I find the strategy intriguing and Minyi Chen instills confidence that it’s prosecuted in a transparent, easily understood and pragmatic manner. But the fund’s formal advisor is uninspired and only provides a drag on performance by adding an additional level of fees. There appears to be little “skin in the game” among stakeholders. And the fund’s most public spokesman warns often of imminent market collapse, seemingly undermining company attempts to grow AUM in the long-only portfolio.

Some investors care only about “listening to the market” in order to make money. They could care less about more qualitative assessments of a fund’s merits, like parent company, expenses, stewardship, or even risk-adjusted measures. A classic book on the topic is Ned Davis’ “Being Right or Making Money.”

So far, TTFS is making money for its shareholders.

I for one will wait with interest to see how the subadviser evolves to take advantage of its recent success.

Fund website

AdvisorShares maintains a webpage for TTFS here. To get quarterly commentaries, free registration is required. TrimTabs website offers little insight and is more geared toward selling database and newsletter subscriptions.

Fact Sheet

© Mutual Fund Observer, 2015. All rights reserved. The information here reflects publicly available information current at the time of publication. For reprint/e-rights contact us.

Touchstone Sands Capital Emerging Markets Growth Fund (TSEMX/TSEGX)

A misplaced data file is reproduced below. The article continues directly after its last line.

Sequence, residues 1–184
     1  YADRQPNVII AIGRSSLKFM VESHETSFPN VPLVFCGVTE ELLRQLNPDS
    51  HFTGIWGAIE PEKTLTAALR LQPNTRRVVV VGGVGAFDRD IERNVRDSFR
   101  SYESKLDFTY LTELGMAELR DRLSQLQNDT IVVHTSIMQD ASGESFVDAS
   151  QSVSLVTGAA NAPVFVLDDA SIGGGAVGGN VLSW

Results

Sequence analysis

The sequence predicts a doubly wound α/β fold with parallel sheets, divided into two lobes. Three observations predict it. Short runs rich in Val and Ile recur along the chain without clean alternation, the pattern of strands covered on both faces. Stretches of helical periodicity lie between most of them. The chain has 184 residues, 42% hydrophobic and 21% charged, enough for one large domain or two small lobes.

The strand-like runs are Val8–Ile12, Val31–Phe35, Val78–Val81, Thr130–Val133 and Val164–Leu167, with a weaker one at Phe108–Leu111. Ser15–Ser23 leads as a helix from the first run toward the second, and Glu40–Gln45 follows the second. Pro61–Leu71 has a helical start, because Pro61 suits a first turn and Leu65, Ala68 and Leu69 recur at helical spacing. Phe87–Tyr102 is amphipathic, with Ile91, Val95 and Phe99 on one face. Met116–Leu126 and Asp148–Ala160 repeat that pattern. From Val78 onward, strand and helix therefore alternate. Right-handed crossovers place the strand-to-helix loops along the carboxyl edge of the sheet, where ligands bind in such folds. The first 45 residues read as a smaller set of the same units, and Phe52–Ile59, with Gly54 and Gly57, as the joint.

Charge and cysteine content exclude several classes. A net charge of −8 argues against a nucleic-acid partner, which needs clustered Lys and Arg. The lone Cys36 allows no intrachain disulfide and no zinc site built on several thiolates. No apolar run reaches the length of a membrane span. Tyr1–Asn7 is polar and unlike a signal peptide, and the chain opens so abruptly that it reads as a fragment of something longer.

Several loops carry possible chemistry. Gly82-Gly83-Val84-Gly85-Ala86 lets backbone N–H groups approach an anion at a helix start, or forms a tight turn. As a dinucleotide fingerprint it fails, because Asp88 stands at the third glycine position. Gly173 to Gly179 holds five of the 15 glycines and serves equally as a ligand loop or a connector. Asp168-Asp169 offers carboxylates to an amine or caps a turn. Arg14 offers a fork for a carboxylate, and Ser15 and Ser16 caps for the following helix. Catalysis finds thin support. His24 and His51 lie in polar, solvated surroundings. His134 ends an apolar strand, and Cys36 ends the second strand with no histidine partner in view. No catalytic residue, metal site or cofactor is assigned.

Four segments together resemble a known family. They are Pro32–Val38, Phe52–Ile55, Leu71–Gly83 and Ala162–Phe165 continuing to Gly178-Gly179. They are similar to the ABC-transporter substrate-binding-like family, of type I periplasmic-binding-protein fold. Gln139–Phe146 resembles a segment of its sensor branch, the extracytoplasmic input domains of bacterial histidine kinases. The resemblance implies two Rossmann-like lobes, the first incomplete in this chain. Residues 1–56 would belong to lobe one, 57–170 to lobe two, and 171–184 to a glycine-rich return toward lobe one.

By David Snowball

Objective and strategy

The Fund seeks long-term capital appreciation by investing in a compact portfolio of “truly exceptional businesses” linked to the emerging markets, and occasionally to frontier markets. The managers look for companies that have strong financials, sustainable above-average earnings growth, a leadership position in a strong industry, durable competitive advantages, an understandable business model and a rational valuation. They typically hold 30-50 stocks which are “conviction weighted” in the portfolio. Currently three of those are located in frontier markets.

Adviser

Touchstone Advisors. Touchstone is a Cincinnati-based firm with $21.0 billion in assets, as of December 2014. Touchstone selects and monitors the sub-advisors for their 39 funds. The sub-advisor here is Sands Capital Management of Arlington, VA. As of December 31, 2014, Sands Capital had approximately $47.7 billion in assets under management. Sands also manages two closed funds for Touchstone: Touchstone Sands Capital Select Growth (TSNAX) and Touchstone Sands Capital Institutional Growth (CISGX).

Manager

Brian Christiansen, Ashraf Haque and Neil Kansari. The managers have experience as research analysts at Sands and elsewhere. They also have M.B.A.s from first-tier universities (Yale 2009, Harvard 2007 and Darden 2008, respectively). They have not previously managed a mutual fund. In December 2014, the team was designated to run MMI New Stock Market – Sands, a billion dollar emerging markets fund located in Denmark but which trades in London. They are supported by a 38 person research team; the research teams are organized around six global sectors rather than region or asset class.

Strategy capacity and closure

$5 billion estimated capacity for the strategy, based on current market conditions. That might increase as markets evolve.

Active share